Then you finally returned to Argentina, and how did you career proceed then?

I would also like to add that I was fortunate enough during my career to be able to meet some other giants of orthopaedics. I had the pleasure of meeting Professor Ortolani in Ferrara, Italy and he was extremely kind to me, giving me his knowledge. I was a young surgeon, and I was like “wow” being with Professor Ortolani face to face. And there was a very nice professor in Gothenburg, Sweden, called Bertil Stener. And he worked alongside Alf Nachemson who was one of the great scoliosis surgeons of those days turning around the science. Working in the USA, I met Ray Gustilo, the open fractures titan. In those days, orthopaedics was at a turning point regarding technology and knowledge. I had the pleasure and the honour to be able to live along them. After my training upon returning to Argentina, my father was in those days working at the main university hospital. I went on to work at what was the Spanish Hospital, which was a hospital associated with the university and whose chief was one of my father’s initial pupils. Dr Scaramuzza, a very nice surgeon who was very nice to me. He said, come on, work with me, I would like to have a Del Sel; I had a Del Sel as a teacher, and I would like a Del Sal as a junior. So I went on and joined Dr Scaramuzza at the Spanish Hospital which is where I started to develop my career in Argentina in hip and knee surgery.
I had a complete orthopaedic training residency and coming back from the UK I was at the start of my career as a hip and knee surgeon. The first 8-10 years of my career in Argentina, I did most of the specialties, not only orthopaedics but also trauma. I was never very keen on hand surgery, which in those days had already been one of the first subspecialties to be defined together with spine surgery. Mostly I did limb surgery, both upper limb and lower limb trauma. But leaning towards hip and knee implants quite early in my career. However, I continued doing general orthopaedics until about the early 90s, when I started giving up ankle fractures, elbow fractures and so on, and dedicated mostly and specifically to hips and knees.

When did you subspecialise in infection? Or was it just by being a hip and knee surgeon that you had to deal with infection?

That is a good question. I returned from my training in the UK at Wrightington, which as you know was a centre for hip surgery. But even in those days, in the late 70s, we were doing a fair amount, about 20% knee surgery. And although the centre for hip surgery was focused on the prevention of infection by operating in laminar flow enclosures, we did get in those days already the severe complications of infections. Not only from those that occurred at Wrightington, but those coming from elsewhere in the UK. In a way, developing a ‘taste’ or a ‘like’ for infection when you do implants is a must, because infection is a complication that you will be facing, and you will have to be trained in it sooner or later. The knowledge and treatment of infection is very much dependent on your understanding of the infectious process. You will never heal it if you don’t understand how it works and how the infection changes the metabolism of the bone and the bone turnover, which is the worst aggression that infection does on bone. So in a way, the liking of infection is something that I would say every hip and knee implant surgeon should know. Although the best of all worlds is having specialist centres for muscoloskeletal infections, at which of course the knowledge of implant infection will be paramount.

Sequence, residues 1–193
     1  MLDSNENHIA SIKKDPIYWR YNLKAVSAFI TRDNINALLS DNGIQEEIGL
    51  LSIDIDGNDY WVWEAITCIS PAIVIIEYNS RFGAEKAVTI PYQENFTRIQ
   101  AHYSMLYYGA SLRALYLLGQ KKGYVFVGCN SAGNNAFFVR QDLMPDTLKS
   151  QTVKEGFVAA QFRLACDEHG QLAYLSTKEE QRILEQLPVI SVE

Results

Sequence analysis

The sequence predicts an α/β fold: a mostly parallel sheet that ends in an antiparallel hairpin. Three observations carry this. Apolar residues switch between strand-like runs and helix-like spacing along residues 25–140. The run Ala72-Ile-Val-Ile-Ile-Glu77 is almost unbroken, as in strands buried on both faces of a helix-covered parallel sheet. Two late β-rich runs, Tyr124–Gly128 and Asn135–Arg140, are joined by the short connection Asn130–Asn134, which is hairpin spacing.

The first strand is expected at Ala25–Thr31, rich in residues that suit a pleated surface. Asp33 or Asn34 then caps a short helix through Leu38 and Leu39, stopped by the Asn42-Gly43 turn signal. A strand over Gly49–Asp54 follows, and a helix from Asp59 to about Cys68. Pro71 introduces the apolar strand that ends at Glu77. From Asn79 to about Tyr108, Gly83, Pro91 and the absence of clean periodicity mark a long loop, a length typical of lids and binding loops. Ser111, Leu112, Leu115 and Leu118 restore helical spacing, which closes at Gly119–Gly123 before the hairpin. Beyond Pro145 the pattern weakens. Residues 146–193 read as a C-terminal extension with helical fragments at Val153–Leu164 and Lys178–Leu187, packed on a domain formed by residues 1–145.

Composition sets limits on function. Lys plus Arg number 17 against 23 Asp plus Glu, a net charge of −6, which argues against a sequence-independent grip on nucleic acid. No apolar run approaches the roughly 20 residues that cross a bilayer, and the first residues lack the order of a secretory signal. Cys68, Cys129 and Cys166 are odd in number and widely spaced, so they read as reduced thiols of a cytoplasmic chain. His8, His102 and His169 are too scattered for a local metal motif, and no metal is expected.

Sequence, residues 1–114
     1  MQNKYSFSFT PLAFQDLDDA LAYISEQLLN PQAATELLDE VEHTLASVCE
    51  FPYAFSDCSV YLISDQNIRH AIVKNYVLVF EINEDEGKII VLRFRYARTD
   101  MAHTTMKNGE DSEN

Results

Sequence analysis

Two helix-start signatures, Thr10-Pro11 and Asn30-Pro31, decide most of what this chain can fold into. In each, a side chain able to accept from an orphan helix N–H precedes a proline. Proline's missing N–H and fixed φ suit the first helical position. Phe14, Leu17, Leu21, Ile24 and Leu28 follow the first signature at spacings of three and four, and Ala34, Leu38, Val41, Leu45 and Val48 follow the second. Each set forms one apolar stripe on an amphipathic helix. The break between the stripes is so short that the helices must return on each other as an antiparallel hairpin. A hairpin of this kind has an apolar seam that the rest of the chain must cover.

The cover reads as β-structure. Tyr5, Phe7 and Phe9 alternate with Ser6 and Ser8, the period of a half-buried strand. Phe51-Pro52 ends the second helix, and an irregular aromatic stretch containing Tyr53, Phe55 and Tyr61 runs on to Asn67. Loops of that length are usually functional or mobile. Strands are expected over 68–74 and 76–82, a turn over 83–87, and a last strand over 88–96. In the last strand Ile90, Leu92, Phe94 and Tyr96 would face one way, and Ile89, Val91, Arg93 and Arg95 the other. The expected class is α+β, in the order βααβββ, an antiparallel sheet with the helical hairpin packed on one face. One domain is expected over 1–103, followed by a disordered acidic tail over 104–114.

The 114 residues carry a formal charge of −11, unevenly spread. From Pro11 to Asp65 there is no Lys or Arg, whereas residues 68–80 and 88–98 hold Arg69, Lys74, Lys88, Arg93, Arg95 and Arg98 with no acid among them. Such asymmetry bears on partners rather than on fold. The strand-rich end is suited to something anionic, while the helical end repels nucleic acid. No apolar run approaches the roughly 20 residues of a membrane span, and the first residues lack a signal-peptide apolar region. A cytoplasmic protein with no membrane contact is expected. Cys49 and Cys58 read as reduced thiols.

Now let’s move to your academic career. What was the topic of your PhD or your professorship? Was it already arthroplasty or what was the topic?

That’s interesting because my doctorship was on a specific area, which was osteonecrosis of the knee. You probably remember that osteonecrosis of the knee was an unknown entity until I think it was the last 70s or early 80s in which Bauer from Sweden described the individual osteonecrosis of the knee - remembering that osteonecrosis of the hip had been described only about a decade before. Osteonecrosis of the knee: I remember I spoke to my father about it and he said he didn’t know what it is. Because most osteonecrosis went on to develop into full blown medial degenerative arthritis. But when you looked back at the patient’s records and x-rays, it was not primary osteoarthritis but osteonecrosis. So that was my field of interest in those days and the title of my thesis was the not so well-known issue of osteonecrosis of the knee, which gave the way to my academic career. After that, I pursued my academic career at the New University of Buenos Aires and I ended up being the professor of orthopaedics at the Catholic University in Buenos Aires in Argentina, which is a private university sponsored by the catholic church.